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Jan 15, 2014 (Vol. 34, No. 2)

Progress in Stem Cell Pluripotency

From our January 15 issue: Translational applications of pluripotency are gaining momentum, despite developmental, regulatory, and advocacy challenges.

  • The stem cell world finds itself at a critical juncture as the new year begins. That’s the view of Paul Knoepfler, Ph.D., associate professor at the UC Davis School of Medicine. Last month he moderated one of the sessions at the Genetics Policy Institute’s“World Stem Cell Summit.”

    “The field has been buoyed by building momentum for both transformative basic science discoveries and clinical translation of stem cells,” he noted. Yet, it’s also faced with serious challenges, including stem cell tourism, regulatory compliance, and physician training, according to Dr. Knoepfler.

    Pluripotent stem cells maintained at their most basic, dedifferentiated state, retain the capability to develop into the three main cell types—endoderm, mesoderm, or ectoderm-—and from there to each of the cell types that comprise the human body, including blood, muscle, and skin cells, or neurons, for example.

    The potential for producing targeted cell therapies from stem cells to treat disease and repair or regenerate tissues and organs defines the future trajectory of truly personalized medicine. Whether these therapies will be autologous or allogeneic, and whether they derive from embryonic stem cells (ESC) obtained from a blastocyst or from therapeutic cloning using somatic cell nuclear transfer, or derive from genetically reprogrammed adult cells to become induced pluripotent stem cells (iPSC), will likely depend on progress achieved in the next few years.

    An important challenge is to optimize the purity, definition, safety, ease of production, and cost efficiency of manufacturing therapies that fill unmet medical needs and offer cures and appreciable improvement in patient outcomes and quality of life.

  • Key Action Items

    Click Image To Enlarge +
    An immunolabeled cardiomyocyte (CM) imaged by scientists at the University of Wisconsin. The CM was derived from induced pluripotent stem cells (iPSCs) and labeled with an antibody to alpha-actinin (green), myosin light chain 2a (red), and DAPI (blue) for the nucleus. This labeling demonstrates the formation of myofilament proteins with a striated pattern in iPSC-CMs.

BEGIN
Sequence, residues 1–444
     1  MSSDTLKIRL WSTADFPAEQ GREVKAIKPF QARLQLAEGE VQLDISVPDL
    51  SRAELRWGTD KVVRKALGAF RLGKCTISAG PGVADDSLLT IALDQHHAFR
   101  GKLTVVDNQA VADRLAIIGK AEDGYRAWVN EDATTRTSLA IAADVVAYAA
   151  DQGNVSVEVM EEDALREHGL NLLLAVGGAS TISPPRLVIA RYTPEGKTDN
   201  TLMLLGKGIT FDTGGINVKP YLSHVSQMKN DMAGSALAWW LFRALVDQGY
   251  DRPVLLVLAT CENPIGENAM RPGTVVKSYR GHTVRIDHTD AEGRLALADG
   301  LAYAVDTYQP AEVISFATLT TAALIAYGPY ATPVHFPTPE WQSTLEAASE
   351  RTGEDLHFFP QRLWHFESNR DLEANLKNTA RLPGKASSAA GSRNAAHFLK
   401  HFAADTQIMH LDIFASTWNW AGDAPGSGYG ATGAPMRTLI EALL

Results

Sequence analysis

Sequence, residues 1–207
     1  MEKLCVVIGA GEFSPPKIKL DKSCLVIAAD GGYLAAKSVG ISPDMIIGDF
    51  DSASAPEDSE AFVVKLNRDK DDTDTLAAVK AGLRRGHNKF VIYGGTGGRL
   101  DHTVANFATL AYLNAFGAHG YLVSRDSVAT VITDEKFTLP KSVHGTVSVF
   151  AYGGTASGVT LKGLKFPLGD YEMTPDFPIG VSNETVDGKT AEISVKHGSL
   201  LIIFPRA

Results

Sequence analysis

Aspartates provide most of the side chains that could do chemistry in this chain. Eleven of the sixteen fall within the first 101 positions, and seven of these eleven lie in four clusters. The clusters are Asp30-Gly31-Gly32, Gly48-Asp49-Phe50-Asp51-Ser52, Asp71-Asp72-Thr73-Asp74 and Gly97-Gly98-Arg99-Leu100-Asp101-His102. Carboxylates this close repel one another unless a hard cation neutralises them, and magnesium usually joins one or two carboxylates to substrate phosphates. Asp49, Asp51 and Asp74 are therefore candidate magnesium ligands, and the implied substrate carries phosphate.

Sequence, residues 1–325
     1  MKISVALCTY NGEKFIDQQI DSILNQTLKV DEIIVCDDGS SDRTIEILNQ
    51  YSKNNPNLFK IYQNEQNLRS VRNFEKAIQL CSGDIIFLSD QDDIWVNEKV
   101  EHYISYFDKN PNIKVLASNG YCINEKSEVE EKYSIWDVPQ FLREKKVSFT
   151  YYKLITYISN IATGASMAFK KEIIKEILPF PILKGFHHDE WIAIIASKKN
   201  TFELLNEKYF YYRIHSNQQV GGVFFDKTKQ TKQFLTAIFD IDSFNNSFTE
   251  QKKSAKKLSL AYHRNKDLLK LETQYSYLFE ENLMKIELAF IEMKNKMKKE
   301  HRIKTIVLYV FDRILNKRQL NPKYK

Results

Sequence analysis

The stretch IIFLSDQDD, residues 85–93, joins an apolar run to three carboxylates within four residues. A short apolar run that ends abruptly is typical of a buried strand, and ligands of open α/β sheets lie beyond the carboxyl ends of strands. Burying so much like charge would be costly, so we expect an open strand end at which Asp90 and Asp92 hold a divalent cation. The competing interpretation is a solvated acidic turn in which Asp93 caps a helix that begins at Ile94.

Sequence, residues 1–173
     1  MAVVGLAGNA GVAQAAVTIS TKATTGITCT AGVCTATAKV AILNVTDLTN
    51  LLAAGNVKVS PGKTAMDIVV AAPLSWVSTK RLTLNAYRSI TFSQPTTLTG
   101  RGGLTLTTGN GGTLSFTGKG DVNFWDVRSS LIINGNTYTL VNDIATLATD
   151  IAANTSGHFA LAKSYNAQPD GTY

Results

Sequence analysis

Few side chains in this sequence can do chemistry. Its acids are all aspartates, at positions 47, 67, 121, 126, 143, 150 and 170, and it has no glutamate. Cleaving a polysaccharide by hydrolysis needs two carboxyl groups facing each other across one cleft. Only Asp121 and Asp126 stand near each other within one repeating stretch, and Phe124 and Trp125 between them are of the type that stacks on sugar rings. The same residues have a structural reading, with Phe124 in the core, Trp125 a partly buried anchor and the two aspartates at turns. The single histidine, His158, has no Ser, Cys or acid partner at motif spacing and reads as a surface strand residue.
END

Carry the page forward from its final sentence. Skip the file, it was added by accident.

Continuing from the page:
In an article in World Stem Cell Report 2013, Dr. Knoepfler identified several key action items for the stem cell field in 2014. These are important because they relate not only to the field of pluripotent stem cells, but also to adult stem cell-based research and development. They include the need to train a new generation of stem cell clinicians, balance advocacy for responsible reforms at the FDA with the need to work with the agency, and monitor and raise awareness of noncompliant stem cell interventions no longer only available outside the U.S. but more recently proliferating at stem cell clinics across the U.S. He also put out the call to leverage social media to educate the public about stem cells and obtain funding for stem-cell-related research.

    The advantages of pluripotency can be exploited to produce a targeted population of cells for transplantation, genetic manipulation, delivery of a therapeutic agent, or regeneration of an organ. Stem cell lines are valuable research tools for studying cell biology, embryogenesis and developmental biology, and are proving increasingly useful in drug discovery and development for producing cell-based models of disease and for preclinical toxicology studies.

    Pluripotency can have a dark side as well, and when pluripotency control mechanisms go awry due to genomic or epigenomic changes, cell immortality and tumorigenicity may result.

    Timothy Kamp, M.D., Ph.D., professor and co-director, Stem Cell and Regenerative Medicine Center at the University of Wisconsin, Madison, presented his group’s latest work differentiating human pluripotent stem cells to create spontaneously contracting cardiomyocytes for cell therapy to repair cardiac muscle damaged as a result of ischemia (myocardial infarction), cardiomyopathies, certain arrhythmias, or valvular disease, for example.

    The paradigm he described for producing iPSC involves reprogramming skin or blood cells, expanding and cryopreserving the pluripotent stem cells to create an iPSC bank, and then using those cells to make relevant cellular products for cardiac repair or a tissue engineered cardiac patch. Dr. Kamp’s group has demonstrated proof-of-principle in mice that ESC can induce regeneration of cardiomyocytes in infarcted heart muscle. iPSC technology is “rapidly evolving,” said Dr. Kamp, as he demonstrated their progress toward growing human iPS-engineered cardiac tissue in the lab as a 3-dimensional model of functional human myocardium.

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